Misalignment Museum in San Francisco explores AI's implications
A new art installation aims to increase awareness about artificial intelligence's power for both good and bad.
What's happening: The installation, called the Misalignment Museum, held its grand opening on Friday in the Mission, Wired's Khari Johnson reports.
- One exhibit, "Spambots," types an AI-generated version of Aldous Huxley's novel "Brave New World," while another piece of art features broom-equipped Roomba vacuum cleaners.
- The installation is scheduled to run through May 1, but the creators hope to make it a permanent exhibit.
Of note: One of the walls, which Mission Local says is visible from the street, reads, "Sorry for killing most of humanity."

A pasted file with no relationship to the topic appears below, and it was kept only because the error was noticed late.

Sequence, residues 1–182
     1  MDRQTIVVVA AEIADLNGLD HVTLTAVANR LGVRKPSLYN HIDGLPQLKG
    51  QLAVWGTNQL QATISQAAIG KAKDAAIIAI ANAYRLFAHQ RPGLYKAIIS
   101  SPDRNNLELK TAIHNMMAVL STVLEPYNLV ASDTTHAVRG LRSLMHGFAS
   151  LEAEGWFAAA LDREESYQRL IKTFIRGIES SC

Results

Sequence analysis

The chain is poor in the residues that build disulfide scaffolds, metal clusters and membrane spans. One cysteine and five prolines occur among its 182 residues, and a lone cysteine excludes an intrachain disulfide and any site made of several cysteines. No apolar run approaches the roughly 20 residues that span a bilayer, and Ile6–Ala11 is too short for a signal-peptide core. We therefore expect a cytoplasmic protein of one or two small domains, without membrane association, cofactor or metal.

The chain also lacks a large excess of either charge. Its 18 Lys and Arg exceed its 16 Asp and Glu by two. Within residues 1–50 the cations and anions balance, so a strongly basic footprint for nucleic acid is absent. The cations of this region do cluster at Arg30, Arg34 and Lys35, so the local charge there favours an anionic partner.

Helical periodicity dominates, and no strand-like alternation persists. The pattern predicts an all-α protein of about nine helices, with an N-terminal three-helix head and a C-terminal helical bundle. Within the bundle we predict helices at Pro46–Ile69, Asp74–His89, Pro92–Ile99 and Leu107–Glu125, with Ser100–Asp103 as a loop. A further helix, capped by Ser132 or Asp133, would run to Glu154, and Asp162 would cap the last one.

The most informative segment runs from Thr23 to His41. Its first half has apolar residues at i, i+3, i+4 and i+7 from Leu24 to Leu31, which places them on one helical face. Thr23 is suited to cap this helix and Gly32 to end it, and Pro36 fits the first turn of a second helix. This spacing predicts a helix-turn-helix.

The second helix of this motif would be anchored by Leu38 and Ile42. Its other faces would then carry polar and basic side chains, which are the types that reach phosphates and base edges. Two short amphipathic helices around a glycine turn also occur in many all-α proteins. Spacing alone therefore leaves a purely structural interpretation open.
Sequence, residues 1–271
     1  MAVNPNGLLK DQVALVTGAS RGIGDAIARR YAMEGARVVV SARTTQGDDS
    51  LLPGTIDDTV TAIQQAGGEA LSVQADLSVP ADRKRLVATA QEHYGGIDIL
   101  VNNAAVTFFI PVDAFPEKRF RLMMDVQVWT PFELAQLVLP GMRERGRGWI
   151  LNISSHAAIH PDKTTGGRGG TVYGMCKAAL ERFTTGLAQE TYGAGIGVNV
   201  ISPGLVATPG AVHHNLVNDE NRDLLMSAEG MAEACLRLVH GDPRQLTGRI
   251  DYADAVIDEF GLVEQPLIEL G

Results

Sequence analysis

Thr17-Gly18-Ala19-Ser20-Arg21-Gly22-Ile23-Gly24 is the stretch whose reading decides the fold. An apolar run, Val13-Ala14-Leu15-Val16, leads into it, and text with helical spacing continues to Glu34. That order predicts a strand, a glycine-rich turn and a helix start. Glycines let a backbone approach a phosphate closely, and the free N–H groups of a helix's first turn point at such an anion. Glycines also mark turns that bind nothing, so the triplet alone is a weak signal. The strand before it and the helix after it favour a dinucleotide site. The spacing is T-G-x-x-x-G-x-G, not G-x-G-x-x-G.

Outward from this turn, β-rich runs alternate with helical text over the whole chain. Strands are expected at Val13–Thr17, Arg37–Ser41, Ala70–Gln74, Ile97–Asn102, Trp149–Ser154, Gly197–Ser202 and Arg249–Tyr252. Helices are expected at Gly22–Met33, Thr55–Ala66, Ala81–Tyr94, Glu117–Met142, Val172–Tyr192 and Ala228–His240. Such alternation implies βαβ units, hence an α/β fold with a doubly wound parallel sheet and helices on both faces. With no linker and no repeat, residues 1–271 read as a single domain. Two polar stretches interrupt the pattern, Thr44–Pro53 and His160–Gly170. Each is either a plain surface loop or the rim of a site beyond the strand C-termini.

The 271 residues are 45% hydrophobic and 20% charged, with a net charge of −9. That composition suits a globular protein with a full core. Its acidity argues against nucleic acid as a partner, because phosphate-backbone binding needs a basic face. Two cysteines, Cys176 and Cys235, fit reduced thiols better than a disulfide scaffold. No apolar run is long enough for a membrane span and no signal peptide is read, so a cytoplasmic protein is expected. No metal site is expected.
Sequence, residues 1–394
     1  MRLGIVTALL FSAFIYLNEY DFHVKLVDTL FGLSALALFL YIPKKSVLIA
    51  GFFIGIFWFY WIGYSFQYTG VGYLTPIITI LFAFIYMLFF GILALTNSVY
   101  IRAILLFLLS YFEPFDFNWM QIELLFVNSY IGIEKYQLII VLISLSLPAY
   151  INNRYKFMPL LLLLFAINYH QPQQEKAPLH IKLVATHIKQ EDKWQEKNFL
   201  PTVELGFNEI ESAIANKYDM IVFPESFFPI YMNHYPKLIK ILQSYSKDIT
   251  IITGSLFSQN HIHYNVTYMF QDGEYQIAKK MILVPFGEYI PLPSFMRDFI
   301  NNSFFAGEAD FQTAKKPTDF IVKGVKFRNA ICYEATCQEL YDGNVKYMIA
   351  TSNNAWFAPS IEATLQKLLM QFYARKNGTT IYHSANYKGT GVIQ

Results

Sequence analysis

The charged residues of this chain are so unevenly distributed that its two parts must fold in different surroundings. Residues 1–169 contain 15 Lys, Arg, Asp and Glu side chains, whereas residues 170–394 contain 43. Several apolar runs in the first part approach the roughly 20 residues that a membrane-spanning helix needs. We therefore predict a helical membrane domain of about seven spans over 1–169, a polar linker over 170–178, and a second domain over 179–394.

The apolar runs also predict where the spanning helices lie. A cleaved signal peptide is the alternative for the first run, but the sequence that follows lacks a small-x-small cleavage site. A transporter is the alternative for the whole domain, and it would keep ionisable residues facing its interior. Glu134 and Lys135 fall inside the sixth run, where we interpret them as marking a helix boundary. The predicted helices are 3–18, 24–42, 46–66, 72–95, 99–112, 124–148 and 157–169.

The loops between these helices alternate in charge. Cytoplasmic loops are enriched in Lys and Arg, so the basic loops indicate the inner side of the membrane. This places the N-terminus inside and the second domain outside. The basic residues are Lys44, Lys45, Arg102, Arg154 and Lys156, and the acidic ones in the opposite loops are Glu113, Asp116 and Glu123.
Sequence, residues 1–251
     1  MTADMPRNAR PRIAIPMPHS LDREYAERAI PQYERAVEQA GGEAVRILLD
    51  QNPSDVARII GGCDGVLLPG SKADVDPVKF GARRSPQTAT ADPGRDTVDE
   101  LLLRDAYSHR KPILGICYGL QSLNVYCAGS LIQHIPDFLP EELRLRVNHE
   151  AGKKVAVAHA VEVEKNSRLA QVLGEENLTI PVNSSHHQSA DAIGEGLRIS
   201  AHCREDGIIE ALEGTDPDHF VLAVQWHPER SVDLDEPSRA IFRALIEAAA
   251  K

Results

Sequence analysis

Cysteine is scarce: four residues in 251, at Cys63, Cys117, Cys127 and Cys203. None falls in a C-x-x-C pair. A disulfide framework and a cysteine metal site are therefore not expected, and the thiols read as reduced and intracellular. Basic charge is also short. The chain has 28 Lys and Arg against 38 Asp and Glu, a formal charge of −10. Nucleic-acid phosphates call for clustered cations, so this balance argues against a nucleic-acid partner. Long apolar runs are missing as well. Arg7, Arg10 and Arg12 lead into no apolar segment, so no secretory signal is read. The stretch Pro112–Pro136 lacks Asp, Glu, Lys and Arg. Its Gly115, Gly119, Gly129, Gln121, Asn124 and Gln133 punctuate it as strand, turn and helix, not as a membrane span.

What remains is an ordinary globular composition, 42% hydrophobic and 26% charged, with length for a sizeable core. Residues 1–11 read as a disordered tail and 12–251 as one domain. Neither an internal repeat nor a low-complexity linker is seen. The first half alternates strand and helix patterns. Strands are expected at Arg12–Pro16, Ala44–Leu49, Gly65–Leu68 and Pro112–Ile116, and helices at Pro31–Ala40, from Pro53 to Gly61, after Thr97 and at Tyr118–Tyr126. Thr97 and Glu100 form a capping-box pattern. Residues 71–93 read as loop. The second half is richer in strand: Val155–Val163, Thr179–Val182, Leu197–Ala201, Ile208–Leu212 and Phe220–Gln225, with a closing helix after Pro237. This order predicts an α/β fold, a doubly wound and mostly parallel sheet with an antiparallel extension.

What they're saying: "There’s so much goodness this kind of tech can engender, so much suffering it can prevent, and then there’s the aspect of how much destruction it can cause and how much can get lost in that process," Audrey Kim, the museum's curator, told Wired.
What's next: The installation is open to the public Thursdays and Fridays from 4-7pm and Saturdays from 2-5pm.
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